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LibraryThing member bookworm12
This was one of my most anticipated releases of the year. I fell in love with this series last year and I’m thrilled every time a new book comes out. We are back in Three Pines this time after visiting Paris in the last book. It’s a post-pandemic world and a woman named Abigail Robinson is
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touring the country lecturing on a controversial and morally-bankrupt idea. Jean-Guy Beauvoir struggles not to take the proposal personally.

I loved that Penny embraced writing in a world where a pandemic is part of the conversation. I thought it might be exhausting to read that, but it was oddly cathartic and comforting to see the way we were all united in the shared experience.

With every book new we learn more about the lives of our beloved characters. The plot meandered a bit in the end, but I didn’t for one second wish the philosophical murder mystery had ended sooner. I read it as slowly as I could because I never get tired of Armand Gamache and his crew.

“The trick wasn’t necessarily having less fear it was having more courage.”
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LibraryThing member diana.hauser
THE MADNESS OF CROWDS is Louise Penny’s latest book (#17) featuring Armand Gamache, Chief Inspector of Homicide for the Surete du Quebec.
“ Louise Penny delivers with a perplexing murder mystery set in Three Pines that is also a nuanced look at conviction, delusion and the tipping point between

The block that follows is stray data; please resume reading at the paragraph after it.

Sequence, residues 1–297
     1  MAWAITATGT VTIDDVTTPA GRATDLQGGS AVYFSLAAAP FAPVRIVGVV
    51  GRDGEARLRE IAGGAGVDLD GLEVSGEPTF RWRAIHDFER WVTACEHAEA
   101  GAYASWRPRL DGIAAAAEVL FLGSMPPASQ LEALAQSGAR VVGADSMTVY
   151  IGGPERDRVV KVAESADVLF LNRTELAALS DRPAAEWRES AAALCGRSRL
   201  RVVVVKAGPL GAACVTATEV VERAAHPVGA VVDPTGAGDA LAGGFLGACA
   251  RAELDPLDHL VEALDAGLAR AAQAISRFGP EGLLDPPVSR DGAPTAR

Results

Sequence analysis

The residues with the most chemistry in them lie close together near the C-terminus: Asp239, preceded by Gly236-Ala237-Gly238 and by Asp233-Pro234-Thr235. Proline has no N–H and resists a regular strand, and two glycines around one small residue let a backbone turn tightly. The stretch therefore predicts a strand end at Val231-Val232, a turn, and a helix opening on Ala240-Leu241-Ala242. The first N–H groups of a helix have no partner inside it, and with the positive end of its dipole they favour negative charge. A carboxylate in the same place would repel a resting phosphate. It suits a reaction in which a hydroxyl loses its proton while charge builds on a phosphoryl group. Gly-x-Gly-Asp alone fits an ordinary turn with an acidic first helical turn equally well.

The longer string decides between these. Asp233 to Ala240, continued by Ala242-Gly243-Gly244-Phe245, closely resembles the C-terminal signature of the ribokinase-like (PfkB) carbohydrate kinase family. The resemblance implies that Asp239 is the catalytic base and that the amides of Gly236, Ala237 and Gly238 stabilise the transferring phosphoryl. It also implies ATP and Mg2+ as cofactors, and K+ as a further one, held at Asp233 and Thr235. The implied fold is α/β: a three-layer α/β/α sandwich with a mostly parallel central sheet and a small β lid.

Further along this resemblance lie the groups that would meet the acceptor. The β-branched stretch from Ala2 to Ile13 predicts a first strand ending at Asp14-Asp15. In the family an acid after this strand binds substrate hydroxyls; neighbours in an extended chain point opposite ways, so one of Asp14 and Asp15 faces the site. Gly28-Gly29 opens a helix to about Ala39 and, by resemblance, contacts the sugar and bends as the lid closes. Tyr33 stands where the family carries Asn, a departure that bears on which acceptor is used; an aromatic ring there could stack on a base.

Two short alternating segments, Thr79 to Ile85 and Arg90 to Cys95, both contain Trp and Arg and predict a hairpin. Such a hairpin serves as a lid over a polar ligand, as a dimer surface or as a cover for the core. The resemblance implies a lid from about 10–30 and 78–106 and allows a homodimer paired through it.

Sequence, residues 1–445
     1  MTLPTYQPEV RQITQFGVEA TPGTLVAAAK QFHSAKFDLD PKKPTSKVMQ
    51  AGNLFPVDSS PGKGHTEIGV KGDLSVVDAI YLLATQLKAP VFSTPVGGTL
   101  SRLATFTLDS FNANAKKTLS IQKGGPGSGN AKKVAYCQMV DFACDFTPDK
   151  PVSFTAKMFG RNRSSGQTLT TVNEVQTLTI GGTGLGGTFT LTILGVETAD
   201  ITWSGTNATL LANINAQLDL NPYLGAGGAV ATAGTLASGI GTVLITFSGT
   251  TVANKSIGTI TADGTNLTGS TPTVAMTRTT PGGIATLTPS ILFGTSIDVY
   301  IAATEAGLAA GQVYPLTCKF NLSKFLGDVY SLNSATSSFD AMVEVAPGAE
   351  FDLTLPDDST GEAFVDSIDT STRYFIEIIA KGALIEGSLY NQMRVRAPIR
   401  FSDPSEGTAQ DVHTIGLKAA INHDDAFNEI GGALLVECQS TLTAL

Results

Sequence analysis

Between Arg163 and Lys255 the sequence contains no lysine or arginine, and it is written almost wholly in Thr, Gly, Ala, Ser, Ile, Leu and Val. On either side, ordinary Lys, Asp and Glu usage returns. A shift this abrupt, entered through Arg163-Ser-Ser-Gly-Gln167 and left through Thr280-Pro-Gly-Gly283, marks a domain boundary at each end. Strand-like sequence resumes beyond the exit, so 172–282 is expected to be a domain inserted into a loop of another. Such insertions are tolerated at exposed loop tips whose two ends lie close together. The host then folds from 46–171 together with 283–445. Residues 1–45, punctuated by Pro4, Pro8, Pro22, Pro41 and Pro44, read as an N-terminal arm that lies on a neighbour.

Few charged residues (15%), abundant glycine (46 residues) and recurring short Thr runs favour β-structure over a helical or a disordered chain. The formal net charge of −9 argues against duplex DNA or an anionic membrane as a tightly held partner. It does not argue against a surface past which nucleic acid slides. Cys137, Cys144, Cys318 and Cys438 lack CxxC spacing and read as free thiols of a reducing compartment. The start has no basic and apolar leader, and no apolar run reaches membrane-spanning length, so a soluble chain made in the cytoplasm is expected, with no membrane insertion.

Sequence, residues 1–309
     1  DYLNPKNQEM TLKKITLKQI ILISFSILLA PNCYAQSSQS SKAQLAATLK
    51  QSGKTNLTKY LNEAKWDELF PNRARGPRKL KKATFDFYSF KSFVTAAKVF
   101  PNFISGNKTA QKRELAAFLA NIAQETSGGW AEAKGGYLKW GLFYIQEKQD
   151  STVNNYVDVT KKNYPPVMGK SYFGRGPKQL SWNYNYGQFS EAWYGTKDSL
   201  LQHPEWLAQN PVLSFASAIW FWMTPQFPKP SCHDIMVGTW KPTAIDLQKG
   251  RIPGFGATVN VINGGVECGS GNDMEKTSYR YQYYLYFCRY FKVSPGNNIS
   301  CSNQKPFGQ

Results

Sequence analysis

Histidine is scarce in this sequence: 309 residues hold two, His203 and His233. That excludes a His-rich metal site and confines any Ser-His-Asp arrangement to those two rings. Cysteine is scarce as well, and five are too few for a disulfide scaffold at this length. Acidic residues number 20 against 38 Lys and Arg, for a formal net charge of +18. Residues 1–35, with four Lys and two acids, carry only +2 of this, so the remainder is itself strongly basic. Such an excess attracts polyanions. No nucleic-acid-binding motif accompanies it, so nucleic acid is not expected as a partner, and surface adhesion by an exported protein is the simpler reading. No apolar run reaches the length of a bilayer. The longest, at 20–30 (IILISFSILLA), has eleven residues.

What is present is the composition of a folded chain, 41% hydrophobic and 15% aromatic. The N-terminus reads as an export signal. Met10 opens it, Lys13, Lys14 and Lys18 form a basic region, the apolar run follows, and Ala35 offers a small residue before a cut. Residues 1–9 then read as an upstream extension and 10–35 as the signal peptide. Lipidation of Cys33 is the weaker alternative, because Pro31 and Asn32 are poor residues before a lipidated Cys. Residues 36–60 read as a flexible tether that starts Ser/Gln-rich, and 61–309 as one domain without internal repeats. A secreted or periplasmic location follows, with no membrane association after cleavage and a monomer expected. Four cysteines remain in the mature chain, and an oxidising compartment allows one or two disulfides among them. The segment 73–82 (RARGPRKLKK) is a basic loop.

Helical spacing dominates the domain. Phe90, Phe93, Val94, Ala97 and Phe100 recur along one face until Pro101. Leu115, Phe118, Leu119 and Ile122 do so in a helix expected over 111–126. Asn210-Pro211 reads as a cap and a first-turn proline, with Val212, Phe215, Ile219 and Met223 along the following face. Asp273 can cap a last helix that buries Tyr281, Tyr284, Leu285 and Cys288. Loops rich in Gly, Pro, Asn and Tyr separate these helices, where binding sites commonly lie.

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the two.”
“ All shall be well. And all shall be well. And all manner of things shall be well.” A quote from one of Gamache’s favorite writers, the Christian mystic Julian of Norwich - who’d offered hope in a time of great suffering. But, unlike Julian of Norwich, Professor Robinson’s ‘brand’ had a dark core. When Robinson said “All will be well”, she did not, in fact, mean everything. Or everyone.
THE MADNESS OF CROWDS is a stunning introspection into one of society’s most controversial and urgent issues. The subject matter lends itself to the very deepest and often most uncomfortable and unsettling thoughts on ethics and morality.
The painting/picture at the beginning of the book is beautiful and captures the spirit of a Quebec winter.
A must read. *****
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LibraryThing member Scrabblenut
An extraordinary, thought-provoking, humane book, and a very puzzling murder mystery besides!
LibraryThing member brangwinn